In the chaos of much of the world at the moment, that’s a comfort, not a cop out. We continue to pray, work to make a difference in our spheres of influence. We continue to believe in the promise of full redemption. Our trust is not in persons or politics, our trust is the One who will be what He will be.

Standing at the Gate

“I said to the man who stood at the Gate of the Year,

‘Give me a light that I may tread safely into the unknown.’

And he replied, ‘Go out into the darkness, and put your hand into the Hand of God.

That shall be better than light, and safer than a known way’.”

This year as I approach 2021, with some apprehension, I keep thinking about this poem which was part of King George the 6th Christmas broadcast to Britain in 1939. Actually, it hung in a frame on a wall of my childhood home and I was often drawn to it. The king’s nation, and indeed the empire, faced a new year that held an evil and formidable enemy.

There is no other solution but for this kingly advice. At the beginning of last year in our part of the world, deadly bushfires raged. The New Year’s first day produced one of the deadliest days. The forest close to our house lost their beauty and became menacing – it was just a matter of time before this unbelievable monster found them, and us. Then it was over, the rains came. But who would have thought? Who predicted, hinted, that another disaster loomed that would engulf the world. A different kind of world war, one that saw us all on the same side. And just when some of us could happily enjoy near normal for a while, it attacked again, in the holiday season, in the family reunion season, so plans unravel and disappointments reign, right on the eve of a new year…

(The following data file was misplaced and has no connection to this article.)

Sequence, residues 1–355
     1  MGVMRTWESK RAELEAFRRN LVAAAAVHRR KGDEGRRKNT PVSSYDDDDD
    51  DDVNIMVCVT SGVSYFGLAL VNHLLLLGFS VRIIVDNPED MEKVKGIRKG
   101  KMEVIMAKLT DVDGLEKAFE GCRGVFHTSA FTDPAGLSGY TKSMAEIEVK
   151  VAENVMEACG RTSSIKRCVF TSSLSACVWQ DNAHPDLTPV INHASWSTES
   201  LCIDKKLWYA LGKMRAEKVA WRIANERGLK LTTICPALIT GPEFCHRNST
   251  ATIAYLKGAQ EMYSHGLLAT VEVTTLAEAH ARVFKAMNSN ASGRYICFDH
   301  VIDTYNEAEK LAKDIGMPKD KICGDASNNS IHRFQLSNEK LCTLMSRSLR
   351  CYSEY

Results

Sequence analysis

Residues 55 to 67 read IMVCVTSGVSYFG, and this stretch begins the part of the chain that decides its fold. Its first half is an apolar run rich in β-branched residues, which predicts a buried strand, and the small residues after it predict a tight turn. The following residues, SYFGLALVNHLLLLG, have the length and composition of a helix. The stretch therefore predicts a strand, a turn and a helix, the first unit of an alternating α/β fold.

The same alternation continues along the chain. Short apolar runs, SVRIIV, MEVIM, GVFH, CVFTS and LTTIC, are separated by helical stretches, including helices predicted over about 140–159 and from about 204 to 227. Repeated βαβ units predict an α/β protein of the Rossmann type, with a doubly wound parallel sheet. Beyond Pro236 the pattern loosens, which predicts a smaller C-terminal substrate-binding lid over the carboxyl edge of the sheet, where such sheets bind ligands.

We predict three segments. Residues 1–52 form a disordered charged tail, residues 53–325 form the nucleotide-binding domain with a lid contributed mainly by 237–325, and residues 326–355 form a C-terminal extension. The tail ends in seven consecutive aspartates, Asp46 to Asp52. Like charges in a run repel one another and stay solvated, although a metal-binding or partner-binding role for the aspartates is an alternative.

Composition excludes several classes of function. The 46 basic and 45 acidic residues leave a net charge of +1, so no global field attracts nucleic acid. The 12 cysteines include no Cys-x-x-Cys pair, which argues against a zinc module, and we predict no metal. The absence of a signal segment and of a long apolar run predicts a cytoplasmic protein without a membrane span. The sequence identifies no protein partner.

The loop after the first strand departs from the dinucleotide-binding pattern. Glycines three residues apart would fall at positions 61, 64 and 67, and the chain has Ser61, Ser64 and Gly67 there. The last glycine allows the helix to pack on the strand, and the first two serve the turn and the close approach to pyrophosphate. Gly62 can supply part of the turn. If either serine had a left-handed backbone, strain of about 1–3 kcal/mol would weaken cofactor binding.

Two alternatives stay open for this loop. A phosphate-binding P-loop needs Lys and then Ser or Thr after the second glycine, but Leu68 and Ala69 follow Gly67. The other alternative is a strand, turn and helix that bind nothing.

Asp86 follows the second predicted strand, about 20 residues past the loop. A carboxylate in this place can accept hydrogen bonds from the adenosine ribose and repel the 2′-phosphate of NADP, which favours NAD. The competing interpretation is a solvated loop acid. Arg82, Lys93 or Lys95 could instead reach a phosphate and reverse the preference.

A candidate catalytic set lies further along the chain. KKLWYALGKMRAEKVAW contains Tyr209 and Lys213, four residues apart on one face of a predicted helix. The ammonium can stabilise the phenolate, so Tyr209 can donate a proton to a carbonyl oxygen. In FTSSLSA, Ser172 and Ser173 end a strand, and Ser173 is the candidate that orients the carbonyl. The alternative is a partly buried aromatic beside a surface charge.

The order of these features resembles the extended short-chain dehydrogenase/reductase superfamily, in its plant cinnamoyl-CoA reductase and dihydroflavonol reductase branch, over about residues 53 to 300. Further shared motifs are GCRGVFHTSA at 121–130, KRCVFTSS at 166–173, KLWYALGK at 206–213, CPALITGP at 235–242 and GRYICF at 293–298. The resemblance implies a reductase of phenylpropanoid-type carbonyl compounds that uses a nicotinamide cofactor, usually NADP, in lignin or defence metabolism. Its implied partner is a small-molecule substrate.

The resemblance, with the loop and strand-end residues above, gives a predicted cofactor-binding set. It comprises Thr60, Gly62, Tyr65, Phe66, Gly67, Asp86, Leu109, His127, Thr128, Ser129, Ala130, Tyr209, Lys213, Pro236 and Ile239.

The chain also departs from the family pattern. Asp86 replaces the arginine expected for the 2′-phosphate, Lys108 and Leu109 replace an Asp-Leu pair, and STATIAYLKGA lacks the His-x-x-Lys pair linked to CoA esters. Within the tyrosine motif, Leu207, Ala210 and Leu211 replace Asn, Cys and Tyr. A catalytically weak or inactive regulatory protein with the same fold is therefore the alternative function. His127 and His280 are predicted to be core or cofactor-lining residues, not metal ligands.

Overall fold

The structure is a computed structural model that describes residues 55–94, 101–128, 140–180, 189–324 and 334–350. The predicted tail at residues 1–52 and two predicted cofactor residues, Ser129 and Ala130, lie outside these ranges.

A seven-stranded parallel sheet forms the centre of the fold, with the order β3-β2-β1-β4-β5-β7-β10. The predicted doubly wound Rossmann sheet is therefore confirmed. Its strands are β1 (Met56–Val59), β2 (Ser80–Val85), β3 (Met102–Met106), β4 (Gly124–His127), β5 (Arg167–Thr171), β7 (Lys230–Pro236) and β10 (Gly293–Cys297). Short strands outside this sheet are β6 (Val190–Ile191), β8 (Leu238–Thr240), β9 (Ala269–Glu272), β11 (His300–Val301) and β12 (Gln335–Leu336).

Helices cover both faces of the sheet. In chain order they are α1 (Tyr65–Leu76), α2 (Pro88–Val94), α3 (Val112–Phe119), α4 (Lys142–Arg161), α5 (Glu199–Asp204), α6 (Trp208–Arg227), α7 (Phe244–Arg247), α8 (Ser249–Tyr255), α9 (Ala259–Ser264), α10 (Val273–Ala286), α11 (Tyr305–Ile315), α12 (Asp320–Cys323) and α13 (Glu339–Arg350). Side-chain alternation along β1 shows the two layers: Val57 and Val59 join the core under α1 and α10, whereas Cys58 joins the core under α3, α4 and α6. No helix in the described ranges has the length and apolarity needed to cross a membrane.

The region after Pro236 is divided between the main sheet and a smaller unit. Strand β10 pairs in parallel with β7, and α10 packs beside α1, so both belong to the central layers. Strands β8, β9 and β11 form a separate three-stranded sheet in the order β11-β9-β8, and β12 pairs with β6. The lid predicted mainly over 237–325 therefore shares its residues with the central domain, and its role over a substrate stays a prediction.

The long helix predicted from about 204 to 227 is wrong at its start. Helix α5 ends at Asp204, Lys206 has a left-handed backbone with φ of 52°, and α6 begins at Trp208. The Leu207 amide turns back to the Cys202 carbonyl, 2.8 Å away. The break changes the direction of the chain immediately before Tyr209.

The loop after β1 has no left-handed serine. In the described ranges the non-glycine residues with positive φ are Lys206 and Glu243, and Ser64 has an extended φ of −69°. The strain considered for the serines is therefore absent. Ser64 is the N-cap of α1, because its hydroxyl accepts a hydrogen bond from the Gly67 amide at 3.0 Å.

Moses spoke to his nation as they stood together on the threshold of a new era for them and an unknown future. It was a long speech, taking up the whole book of Deuteronomy. It was inspiring, challenging, rebuking, reminding and could be good to read through as we step into a new beginning.

In Deuteronomy 29:10 he listed all who were listening to him. It included those with authority to those who served, old and young, men and women, everyone! No matter what their place in society, all shared the responsibility to live out the calling on their lives and to step through the gate into the unknown.

The secret things belong to the LORD our God, but the things that are revealed belong to us and to our children forever, that we may all do the words of this Torah.” Deuteronomy 29:29 ends the chapter emphasising our personal responsibility before God.  There may be things we will never understand – or are not meant to understand.  But that which He has revealed to us is to enable us to live in obedience to His word. 

And so, we shoulder the responsibility and no matter how much we don’t understand, how crazy, or dark, things may be, we step through New Year’s gate with our hand in the Hand of God.

Light and Darkness

Isaiah 21:11-12, “Watchman, what of the night? Watchman, what of the night? The watchman said, The morning cometh, and also the night..”